17. Surely, God could have caused birds to fly with their bones made of solid gold, with their veins full of quicksilver, with their flesh heavier than lead, and with their wings exceedingly small. He did not, and that ought to show something.
    Galileo (see Wikiquote for citation)
    Why should not the Deity have given to the animal the faculty of vision at once? … Why resort to contrivance, where power is omnipotent? Contrivance, by its very definition and nature, is the refuge of imperfection. To have recourse to expedients, implies difficulty, impediment, restraint, defect of power. … amongst other answers which may be given to it; beside reasons of which probably we are ignorant, one answer is this: It is only by the display of contrivance, that the existence, the agency, the wisdom of the Deity, could be testified to his rational creatures.
    William Paley (Wikiquote)
    But God has ways, other than the display of contrivance. God could just give us the idea. And how does the display of contrivance testify to the lack of constraint?
    This proof can at most, therefore, demonstrate the existence of an architect of the world, whose efforts are limited by the capabilities of the material with which he works, but not of a creator of the world, to whom all things are subject.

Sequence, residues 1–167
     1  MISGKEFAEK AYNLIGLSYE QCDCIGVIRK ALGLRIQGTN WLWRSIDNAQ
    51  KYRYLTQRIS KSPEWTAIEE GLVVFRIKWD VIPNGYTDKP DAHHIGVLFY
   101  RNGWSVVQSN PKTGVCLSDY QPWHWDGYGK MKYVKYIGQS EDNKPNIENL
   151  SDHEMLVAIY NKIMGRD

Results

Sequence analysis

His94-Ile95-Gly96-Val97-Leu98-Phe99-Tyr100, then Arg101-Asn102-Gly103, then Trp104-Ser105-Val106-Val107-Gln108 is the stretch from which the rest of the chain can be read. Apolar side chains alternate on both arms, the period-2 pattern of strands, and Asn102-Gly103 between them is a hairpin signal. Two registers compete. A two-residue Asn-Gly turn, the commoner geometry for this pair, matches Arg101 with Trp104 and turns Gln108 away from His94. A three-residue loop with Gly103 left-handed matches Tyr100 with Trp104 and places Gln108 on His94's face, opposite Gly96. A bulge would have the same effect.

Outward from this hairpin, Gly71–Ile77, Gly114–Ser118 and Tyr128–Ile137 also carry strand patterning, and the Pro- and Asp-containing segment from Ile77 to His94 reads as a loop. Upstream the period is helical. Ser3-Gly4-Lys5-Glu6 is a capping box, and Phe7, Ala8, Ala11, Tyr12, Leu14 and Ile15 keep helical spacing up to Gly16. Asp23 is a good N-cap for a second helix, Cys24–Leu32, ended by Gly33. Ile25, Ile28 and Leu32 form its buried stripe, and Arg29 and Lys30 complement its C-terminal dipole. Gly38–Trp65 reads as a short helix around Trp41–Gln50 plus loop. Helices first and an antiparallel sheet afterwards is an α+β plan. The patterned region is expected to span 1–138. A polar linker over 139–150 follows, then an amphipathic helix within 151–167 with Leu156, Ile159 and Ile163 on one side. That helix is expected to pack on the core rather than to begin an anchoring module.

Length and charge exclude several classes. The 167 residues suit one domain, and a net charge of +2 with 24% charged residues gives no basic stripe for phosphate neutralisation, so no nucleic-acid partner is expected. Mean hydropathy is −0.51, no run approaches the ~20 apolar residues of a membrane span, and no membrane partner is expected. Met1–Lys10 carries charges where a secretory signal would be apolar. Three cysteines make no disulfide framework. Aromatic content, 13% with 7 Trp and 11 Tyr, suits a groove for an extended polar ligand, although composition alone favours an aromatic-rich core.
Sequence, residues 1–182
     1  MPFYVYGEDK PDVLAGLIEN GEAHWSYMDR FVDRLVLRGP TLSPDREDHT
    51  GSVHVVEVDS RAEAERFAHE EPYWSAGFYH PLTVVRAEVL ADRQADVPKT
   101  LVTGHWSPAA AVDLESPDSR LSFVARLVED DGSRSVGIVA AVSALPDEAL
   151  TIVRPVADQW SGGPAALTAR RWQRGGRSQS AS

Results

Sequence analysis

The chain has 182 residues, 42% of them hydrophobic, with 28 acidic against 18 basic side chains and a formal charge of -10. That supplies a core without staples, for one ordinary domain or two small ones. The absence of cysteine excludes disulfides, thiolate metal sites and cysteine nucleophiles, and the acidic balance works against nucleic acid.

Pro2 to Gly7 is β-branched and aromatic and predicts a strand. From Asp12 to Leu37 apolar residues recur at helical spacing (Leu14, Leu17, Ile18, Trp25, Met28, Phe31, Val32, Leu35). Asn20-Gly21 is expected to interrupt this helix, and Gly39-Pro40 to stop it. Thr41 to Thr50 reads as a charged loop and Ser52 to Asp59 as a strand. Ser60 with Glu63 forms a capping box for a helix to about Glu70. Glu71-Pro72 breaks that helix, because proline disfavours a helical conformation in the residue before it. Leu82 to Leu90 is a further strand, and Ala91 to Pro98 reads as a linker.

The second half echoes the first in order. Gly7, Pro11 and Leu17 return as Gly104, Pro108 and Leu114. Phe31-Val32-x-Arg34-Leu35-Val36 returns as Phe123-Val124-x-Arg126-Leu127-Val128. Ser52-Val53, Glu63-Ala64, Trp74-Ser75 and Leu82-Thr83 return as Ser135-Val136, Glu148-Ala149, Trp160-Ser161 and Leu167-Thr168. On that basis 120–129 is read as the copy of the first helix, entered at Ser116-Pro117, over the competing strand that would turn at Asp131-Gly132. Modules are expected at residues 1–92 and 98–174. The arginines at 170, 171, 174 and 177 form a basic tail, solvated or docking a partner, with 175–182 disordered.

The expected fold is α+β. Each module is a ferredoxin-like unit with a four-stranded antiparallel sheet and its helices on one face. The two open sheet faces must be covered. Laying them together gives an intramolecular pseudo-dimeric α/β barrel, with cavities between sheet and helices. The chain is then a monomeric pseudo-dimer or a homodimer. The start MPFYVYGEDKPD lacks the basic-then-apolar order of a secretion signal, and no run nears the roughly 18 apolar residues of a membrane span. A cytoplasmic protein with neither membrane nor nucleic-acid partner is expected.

Kant (Wikiqute)

  18. BTW, other ways that God could testify to “the existence, agency, the wisdom of the Deity” – How about fine-tuning so that contrivance is not needed? Hw about the very clever idea of natural selection of random variations in common descent?

  19. @TomS, an excellent summary of evolution theology

  20. Eric Lipps

    Of course, the Bible treats the stars and planets as mere “lights” in the “firmament,” rather than as actual material bodies as we now know them to be. So naturally there could be no life on them.

    As for intelligent life: as I may have mentioned before, I spent several childhood years in hell, that is, a Seventh-Day Adventist private school. One of my teachers there allowed that extraterrestrial aliens might exist, but insisted that if so, we would never meet them because only humanity has Fallen and God would not allow us to contaminate these perfect beings with our sinful nature. Agh.